When Danbury Hospital and New Milford Hospital joined forces in 2010, officials were quick to say this is an affiliation, not a merger.

They may not be able to say that much longer.

The two hospitals' umbrella group -- the Western Connecticut Health Network -- filed a certificate of need in August with the state Office of Health Care Access asking the two hospitals operate under a single license.

Bill Gerrish, a spokesman for the state Department of Public Health, said there is a general rule-of-thumb governing these matters.

"When hospitals have a merger, they have a single license,'' he said. "When they have an affiliation, they have separate licenses.''

Sally Herlihy, the network's vice president for planning, said having a single license may mean a merger in a legal sense.

In fact, she said, the two hospitals have worked as different branches of the same organization since they affiliated in 2010.

"They have the same board of directors, the same clinical standards,'' she said.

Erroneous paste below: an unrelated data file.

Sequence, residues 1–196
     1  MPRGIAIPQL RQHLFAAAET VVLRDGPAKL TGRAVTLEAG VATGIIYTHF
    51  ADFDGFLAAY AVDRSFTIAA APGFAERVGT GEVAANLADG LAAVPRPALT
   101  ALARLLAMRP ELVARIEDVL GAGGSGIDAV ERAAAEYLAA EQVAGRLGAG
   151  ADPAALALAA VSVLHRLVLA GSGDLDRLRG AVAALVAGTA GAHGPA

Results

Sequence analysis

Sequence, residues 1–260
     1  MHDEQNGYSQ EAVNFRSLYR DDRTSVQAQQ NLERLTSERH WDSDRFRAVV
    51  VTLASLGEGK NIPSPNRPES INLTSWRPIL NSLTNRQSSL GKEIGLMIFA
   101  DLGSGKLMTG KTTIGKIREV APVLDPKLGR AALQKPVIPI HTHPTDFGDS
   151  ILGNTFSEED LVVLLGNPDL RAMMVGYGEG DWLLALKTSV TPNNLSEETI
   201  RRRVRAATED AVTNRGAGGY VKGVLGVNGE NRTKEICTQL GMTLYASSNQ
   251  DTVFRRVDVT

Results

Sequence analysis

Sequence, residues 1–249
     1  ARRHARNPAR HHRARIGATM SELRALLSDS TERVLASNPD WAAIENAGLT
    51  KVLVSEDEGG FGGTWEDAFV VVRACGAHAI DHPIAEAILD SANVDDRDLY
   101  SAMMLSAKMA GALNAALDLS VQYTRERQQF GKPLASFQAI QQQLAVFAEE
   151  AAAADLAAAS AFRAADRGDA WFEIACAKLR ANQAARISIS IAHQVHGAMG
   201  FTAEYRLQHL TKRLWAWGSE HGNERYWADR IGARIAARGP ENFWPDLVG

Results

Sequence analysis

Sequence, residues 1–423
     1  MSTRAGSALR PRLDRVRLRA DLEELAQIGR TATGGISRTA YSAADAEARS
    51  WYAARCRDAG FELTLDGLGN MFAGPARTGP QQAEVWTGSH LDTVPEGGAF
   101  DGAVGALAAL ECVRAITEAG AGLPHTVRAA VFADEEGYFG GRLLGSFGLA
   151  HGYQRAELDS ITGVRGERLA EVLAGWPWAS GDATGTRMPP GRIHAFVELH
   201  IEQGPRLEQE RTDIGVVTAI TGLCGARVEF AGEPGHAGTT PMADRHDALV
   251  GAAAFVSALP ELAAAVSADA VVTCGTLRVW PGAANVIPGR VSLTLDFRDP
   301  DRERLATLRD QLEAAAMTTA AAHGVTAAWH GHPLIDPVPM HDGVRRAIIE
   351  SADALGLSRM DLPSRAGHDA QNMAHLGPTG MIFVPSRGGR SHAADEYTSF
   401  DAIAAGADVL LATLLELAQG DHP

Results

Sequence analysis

A single license gives them the same billing system. That, Herlihy said, can save the network considerable money

"We are constantly looking for ways to streamline our operations and achieve efficiencies of scale,'' she said.

The change won't affect anything else the two hospitals do to serve patients, she said. Nor would it bring about layoffs in the future, she said.

The problem is the information technology New Milford Hospital now uses won't meet new government standards that go into effect in October 2014.

To bring that system up to the new standards, Herlihy said, the network would have to spend $3.1 million.

Under a single license, the two hospitals would have a single billing system. That would cost about $600,000 in capital costs, Herlihy said, saving the hospital $2.5 million.

In addition, she said the two hospitals will save on duplicating services such as audits. It will also create efficiencies of scale for reporting Medicare costs, for accreditation proceeding, and for granting credentials for medical staff.

That will mean the network will save about $700,000 a year in operating costs, Herlihy said.

However, Herlihy said, because this involves changing information technology, it will not mean layoffs.

"We'll still need the same number of people,'' she said.

While the state Office of health Care Access sorts through this application, it is still studying another -- the affiliation of Western with Norwalk Hospital.

That application is still pending, said WCHN spokeswoman Andrea Rynn.

bmiller@newstimes.com; 203-731-3345